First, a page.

Yet up to one third of replies provided by States were not considered satisfactory. For example, a State simply informed the Committee that the victim has failed to apply for compensation within the statutory deadline. Other replies do not address the Committee's recommendations or challenge the Committee's findings on factual or legal grounds. Some States reply by attempting to make a late submission on the merits or to promise to investigate the matter. There are also instances where no reply is received or no information is provided at all.
A result that is satisfactory to the Committee may not be sufficient in the eyes of the victim. For example, Mr Toonen persisted with his campaign against Tasmanian anti-gay laws until the laws in question were finally repealed. Another example of this kind is the case of Kone v Senegal. Mr Kone came to the Committee in 1989 to complain of events surrounding his arrest in 1982 and his detention for over four years until 1986. He complained of torture, of prolonged detention and of arrest for the expression of political opinions. The Committee determined in October 1994 that his lengthy detention violated his rights under Article 9(3). Mr Kone was entitled to an appropriate remedy, including compensation, and the State was under an obligation to ensure that similar violations do not occur again. The Committee asked Senegal for information and was informed that an ex gratia payment of 300,000 francs would be made to compensate the author for his pre-trial detention. This was considered by the Committee to be a satisfactory outcome. The Committee does not try to assess an amount of compensation but was willing to accept that the State had discharged its responsibility. Later it was learned that Mr Kone thought the compensation inadequate. His agitations proved successful. When Senegal presented its report in October 1997, the representatives of the government informed the Committee that the president had directed that 500,000 francs be paid to Mr Kone and that he be given a lease of land and receive medical treatment from State services.
In some situations the Committee has no choice as to the remedy that should be provided. If a person had been imprisoned as a result of an unfair trial or has been detained arbitrarily or contrary to the principles of the ICCPR, the Committee must recommend release. But there are other situations where it is more difficult to define what should be the appropriate remedy. Yet if the Committee leaves the remedy open, the State may find itself uncertain as to what action to take and so the Committee will not be able to determine easily if the remedy is effective. However, if the Committee defines a precise remedy then the legal system of the State may not be able to provide that remedy recommended by the Committee. For example, there are States which have no legal provisions enabling them to provide compensation or other remedies in response to the Committee's findings. This is an issue frequently taken up in the reporting procedure. States are asked whether they have established procedures to ensure that the Committee's views will be given proper consideration and that action will be taken to implement those views. If not, the Committee may make recommendations to that effect. In contrast, the Committee welcomed the fact that Colombia had adopted legislation which establishes a mechanism for the compensation of victims of human rights violations in accordance with decisions adopted by the Committee under the Optional Protocol to the ICCPR and by the Inter-American Commission on Human Rights.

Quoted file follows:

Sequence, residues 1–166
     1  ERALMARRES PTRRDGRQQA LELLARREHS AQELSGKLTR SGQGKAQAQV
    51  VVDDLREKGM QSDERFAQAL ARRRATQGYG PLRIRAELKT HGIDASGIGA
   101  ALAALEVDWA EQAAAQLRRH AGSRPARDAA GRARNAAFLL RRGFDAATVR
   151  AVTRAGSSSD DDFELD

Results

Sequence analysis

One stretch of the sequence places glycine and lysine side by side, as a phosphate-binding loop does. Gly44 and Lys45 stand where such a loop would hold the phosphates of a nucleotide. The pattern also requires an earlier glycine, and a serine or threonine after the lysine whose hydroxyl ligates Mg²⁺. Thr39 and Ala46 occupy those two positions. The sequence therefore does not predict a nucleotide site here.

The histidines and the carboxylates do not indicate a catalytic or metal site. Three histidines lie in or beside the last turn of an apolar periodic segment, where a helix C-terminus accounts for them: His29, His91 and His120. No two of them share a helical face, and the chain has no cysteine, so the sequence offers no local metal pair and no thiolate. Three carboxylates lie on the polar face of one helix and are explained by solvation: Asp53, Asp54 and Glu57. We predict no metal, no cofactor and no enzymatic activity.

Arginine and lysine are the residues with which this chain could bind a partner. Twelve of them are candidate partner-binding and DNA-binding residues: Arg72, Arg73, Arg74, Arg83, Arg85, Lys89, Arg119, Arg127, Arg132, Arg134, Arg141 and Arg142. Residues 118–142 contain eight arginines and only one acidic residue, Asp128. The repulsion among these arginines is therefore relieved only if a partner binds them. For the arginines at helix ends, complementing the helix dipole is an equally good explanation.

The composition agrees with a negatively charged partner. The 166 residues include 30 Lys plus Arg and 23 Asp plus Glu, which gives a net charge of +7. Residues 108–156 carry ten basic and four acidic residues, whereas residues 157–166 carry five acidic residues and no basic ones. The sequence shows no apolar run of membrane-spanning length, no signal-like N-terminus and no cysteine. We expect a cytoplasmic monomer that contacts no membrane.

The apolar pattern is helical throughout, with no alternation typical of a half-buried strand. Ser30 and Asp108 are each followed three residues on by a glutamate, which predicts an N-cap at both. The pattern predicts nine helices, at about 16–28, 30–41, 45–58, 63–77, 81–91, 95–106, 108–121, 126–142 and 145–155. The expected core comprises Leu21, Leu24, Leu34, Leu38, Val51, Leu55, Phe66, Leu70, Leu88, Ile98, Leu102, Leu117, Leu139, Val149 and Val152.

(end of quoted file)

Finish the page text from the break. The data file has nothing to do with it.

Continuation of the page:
The Committee has waited a very long time to ask Australia questions about the procedures in place to respond to, and to ensure, implementation of the Committee's views. This is because Australia only provided its report in 1998, even though it ratified the Optional Protocol in 1991.
It is clear from this overview that there is a huge and growing burden on the Committee to keep account of each and every case that it has determined and to engage States in positive discussions about the implementation of its views. Resources for follow-up, as for all other activities, are meagre, especially when set against the great expectations which people have of the Committee. This is another area where NGOs can provide support to the Committee, and to the victims of violations of rights.
States parties to the Optional Protocol have an obligation to respond to the Committee's finding of violation and to provide a remedy, either the remedy recommended by the Committee or another that is appropriate and effective. It does appear, however, that not all States are willing to implement fully the obligations they have accepted. The Committee has adopted procedures that make it harder, or at least somewhat more uncomfortable, for States to avoid their responsibilities under the ICCPR. If public opinion, being the opinion of the body of States and the world community, stood behind the Committee then its work might be more effective. Regrettably, there is little publicity given to the Committee's work and little active support at the political level.